Friday, December 5, 2008

McClatchy newspaper plays Scrooge to 84 year old cancer patient with a Christmas wish

Ebeneezer Scrooge lives on at McClatchy's Tri-City Herald.

A first grade class partnering with a cancer center learned an 84 year old patient had a Christmas wish for a subscription to the Tri-City Herald newspaper. The class contacted the newspaper to ask about a donation. The response from the Tri-City Herald? No donation -- just a measly gift card for a reduction in the price.

This is the email that was sent to the Tri-City Herald. (Note: the email says the cancer patient is 82 but it has been confirmed he is 84.)

Hello my name is Jennifer -- and I’m contacting you on behalf of - 1st grade class at -- Elementary. For Christmas their class has partnered with the Tri-Cities Cancer Center and adopted an 82 year old cancer patient to give gifts to. One of the gifts on his wish list is a subscription to the Tri-City Herald. I am wondering if this is something that the Herald would be able to donate?

Please let me know if this is possible or who I need to speak with in regards to this.

Thank you in advance,

Jennifer


Below is the response from the Tri-City Herald -- and below that is the original email sent from the class.

The latest word is the first graders are collecting donations to buy a subscription.
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3 comments:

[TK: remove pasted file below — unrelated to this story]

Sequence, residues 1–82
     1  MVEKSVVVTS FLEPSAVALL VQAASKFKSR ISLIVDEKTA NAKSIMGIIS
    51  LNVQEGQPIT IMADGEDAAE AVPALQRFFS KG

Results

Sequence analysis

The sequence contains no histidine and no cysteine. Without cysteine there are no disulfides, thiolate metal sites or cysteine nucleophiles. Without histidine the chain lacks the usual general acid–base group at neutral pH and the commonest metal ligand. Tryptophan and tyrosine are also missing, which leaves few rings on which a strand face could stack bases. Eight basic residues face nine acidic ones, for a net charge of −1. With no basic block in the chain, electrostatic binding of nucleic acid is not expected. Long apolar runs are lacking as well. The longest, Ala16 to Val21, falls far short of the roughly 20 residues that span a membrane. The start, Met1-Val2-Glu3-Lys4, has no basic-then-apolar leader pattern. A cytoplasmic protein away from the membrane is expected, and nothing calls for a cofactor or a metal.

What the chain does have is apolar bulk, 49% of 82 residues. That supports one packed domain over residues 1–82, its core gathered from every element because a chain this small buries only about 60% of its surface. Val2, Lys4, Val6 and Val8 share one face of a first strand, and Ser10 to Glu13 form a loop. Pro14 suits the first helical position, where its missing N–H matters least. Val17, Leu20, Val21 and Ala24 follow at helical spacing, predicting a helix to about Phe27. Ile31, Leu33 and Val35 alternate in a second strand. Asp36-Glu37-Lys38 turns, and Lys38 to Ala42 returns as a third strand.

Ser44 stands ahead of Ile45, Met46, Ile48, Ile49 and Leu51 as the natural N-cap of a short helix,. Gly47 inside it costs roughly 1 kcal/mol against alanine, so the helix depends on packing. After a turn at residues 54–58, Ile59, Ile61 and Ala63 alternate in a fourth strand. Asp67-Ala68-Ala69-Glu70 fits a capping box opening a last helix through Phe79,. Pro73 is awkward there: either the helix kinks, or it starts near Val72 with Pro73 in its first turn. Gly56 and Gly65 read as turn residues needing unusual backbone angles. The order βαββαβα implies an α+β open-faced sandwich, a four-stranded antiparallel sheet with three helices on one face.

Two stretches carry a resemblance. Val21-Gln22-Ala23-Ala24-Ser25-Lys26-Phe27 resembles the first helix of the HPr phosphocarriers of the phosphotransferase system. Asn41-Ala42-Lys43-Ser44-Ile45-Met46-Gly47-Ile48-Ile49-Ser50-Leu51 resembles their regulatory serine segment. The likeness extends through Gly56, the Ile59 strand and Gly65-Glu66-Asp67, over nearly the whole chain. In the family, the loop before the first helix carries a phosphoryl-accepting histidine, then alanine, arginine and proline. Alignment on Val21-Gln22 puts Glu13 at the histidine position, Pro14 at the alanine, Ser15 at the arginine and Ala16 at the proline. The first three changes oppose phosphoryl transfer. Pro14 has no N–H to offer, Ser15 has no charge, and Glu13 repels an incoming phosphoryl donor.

Anonymous said...

My Christmas wish is that McClatchy goes under.

The old saying of "what goes around comes around" usually happens. Look at OJ today.

Every TV Station should have this story. Send it to all cities that have a McClatchy paper.

If nobody else will I'll pay for it.

Archer05 said...

I sent the Scrooge article to Drudge, he often highlights newspaper articles. I saw this:
-------------
-Ad losses send industry into a tailspin-
By David Olinger
The Denver Post

Across the United States, [more than 30 daily newspapers are for sale,] and buyers are scarce.

**[Paper Cuts]- a website that tracks newspaper buyouts and layoffs, estimates that at least 14,447 jobs have been lost this year.

http://www.denverpost.com/business/ci_11142071

Anonymous said...

On the one hand, is the Herald, which is dealing with huge budget cuts and layoffs, in much of a position to be doing charity these days?

On the other hand, as far as I can tell, they haven't cut back on their charitable giving - still donating to United Way and continuing to hold in their "Kid's Day" function this year, despite layoffs and drastic cutbacks.

I agree, $85 would go a long way in this case, both for the cancer patient and for the newspaper's public relations. But at the same time, sometimes you gotta just say no. How many of these requests do they receive? Employees don't even get their REQUIRED subscriptions for free.